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Peterson v. State

Court of Appeals of Mississippi

July 31, 2018

JUSTIN PETERSON A/K/A JUSTIN DALE PETERSON A/K/A JUSTIN D. PETERSON APPELLANT
v.
STATE OF MISSISSIPPI APPELLEE

          DATE OF JUDGMENT: 12/26/2014

          PEARL RIVER COUNTY CIRCUIT COURT TRIAL HON. PRENTISS GREENE HARRELL JUDGE

          ATTORNEY FOR APPELLANT: JUSTIN PETERSON (PRO SE)

          ATTORNEY FOR APPELLEE: OFFICE OF THE ATTORNEY GENERAL BY: BILLY L. GORE

         EN BANC.

          FAIR, J.

         ¶1. Justin Peterson pled guilty to armed robbery and was sentenced to twenty-five years in the custody of the Mississippi Department of Corrections, with twenty years to serve and five years' post-release supervision. Peterson timely filed a motion for post-conviction relief claiming his plea was involuntary because his defense attorney had guaranteed he would be sentenced to only eight years if he pled guilty. In support, Peterson attached affidavits from himself, his mother, and his aunt to that effect. The circuit court gave Peterson an evidentiary hearing on his PCR motion, but at the hearing Peterson admitted that he had known eight years was only a recommendation and that his sentence would be up to the court. The circuit court denied Peterson's PCR motion, and on appeal we affirm that court's judgment.[1]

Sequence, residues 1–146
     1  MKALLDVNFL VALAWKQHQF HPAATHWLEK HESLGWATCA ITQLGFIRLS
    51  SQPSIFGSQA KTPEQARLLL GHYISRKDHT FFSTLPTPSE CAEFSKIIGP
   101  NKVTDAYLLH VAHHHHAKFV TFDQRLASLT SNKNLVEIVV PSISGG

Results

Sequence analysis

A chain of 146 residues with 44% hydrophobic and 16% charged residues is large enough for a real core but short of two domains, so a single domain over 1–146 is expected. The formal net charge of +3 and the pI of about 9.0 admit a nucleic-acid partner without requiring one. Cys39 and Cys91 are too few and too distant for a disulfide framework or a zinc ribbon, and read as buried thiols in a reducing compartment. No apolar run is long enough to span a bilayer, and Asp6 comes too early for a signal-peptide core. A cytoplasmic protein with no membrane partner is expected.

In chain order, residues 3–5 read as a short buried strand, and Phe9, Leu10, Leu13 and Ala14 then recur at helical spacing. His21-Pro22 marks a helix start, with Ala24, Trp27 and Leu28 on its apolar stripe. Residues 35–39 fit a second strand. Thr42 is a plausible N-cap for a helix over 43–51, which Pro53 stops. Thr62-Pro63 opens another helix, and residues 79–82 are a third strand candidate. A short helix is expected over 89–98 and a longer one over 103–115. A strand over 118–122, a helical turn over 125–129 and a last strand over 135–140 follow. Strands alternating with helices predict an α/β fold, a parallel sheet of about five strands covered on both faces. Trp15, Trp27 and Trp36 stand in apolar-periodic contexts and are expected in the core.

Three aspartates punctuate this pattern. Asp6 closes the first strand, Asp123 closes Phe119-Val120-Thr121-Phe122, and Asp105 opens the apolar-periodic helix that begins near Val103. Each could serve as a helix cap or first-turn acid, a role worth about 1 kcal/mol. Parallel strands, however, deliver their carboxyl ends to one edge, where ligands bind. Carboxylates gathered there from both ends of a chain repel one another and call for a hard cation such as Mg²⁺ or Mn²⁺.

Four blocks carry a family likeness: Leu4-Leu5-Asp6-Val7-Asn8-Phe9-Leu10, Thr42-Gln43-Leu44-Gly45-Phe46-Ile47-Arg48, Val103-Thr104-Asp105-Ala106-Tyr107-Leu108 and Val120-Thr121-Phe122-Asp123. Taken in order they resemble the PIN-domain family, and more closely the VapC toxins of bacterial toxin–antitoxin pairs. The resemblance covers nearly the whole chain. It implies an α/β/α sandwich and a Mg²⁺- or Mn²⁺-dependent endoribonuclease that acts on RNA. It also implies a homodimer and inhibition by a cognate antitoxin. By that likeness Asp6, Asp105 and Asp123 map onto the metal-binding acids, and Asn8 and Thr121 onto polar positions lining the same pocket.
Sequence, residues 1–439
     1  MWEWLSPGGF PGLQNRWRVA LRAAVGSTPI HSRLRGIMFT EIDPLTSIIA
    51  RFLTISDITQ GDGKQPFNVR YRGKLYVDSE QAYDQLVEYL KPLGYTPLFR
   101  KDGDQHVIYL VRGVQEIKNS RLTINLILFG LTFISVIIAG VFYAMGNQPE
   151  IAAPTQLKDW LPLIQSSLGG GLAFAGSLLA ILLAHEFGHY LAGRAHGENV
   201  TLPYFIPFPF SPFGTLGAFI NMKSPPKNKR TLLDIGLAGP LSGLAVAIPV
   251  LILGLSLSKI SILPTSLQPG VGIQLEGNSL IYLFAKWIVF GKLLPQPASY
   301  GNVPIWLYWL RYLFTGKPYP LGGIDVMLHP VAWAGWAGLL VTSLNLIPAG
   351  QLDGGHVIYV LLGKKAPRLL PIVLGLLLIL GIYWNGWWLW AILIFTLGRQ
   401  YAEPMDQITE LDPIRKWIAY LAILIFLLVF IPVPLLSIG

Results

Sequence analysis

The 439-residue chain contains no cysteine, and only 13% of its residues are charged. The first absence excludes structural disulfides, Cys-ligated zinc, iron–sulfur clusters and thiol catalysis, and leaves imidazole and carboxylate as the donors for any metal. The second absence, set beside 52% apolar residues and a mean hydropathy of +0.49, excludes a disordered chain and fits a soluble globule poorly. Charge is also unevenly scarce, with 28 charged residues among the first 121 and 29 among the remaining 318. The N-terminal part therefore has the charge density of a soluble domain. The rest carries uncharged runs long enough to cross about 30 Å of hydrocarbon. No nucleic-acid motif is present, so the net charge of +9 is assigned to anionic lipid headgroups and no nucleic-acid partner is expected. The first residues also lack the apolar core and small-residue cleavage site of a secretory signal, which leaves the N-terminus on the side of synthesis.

STANDARD OF REVIEW

         ¶2. "When reviewing a trial court's denial or dismissal of a motion for PCR, we will only disturb the trial court's factual findings if they are clearly erroneous; however, we review legal conclusions under a de novo standard of review." Chapman v. State, 167 So.3d 1170, 1172 (¶3) (Miss. 2015). A PCR movant bears the burden of showing he is entitled to relief by a preponderance of the evidence. Wilkerson v. State, 89 So.3d 610, 613 (¶7) (Miss. Ct. App. 2011).

         DISCUSSION

         1. Guilty Plea

         ¶3. Peterson claims that his attorney "guaranteed" he would only be sentenced to eight years. Peterson contends he would not have pled guilty had he known his sentence could be longer.

         ¶4. When determining the voluntariness of a guilty plea, "[a]n appellate court will not set aside findings of a trial court sitting without a jury unless such findings are clearly erroneous." Walton v. State, 16 So.3d 66, 70 (¶8) (Miss. Ct. App. 2009). "The burden of proving a guilty plea is involuntary is on the defendant and must be proven by a preponderance of the evidence." Id. "To determine whether the plea is voluntarily and intelligently given, the trial court must advise the defendant of his rights, the nature of the charge against him, as well as the consequences of the plea." Burrough v. State, 9 So.3d 368, 373 (¶11) (Miss. 2009).

         ¶5. In his PCR motion, Peterson claimed his attorney "improperly induced a guilty plea by his assurances that if Peterson pled guilty to the offense, the court would follow the State's recommendation and impose a sentence of no more than [eight] years, to serve." Interestingly, Peterson recanted this statement at the evidentiary hearing. When asked whether he was promised eight years, Peterson said "there were no promises." He also admitted he understood an eight-year sentence was not "concrete," but ...


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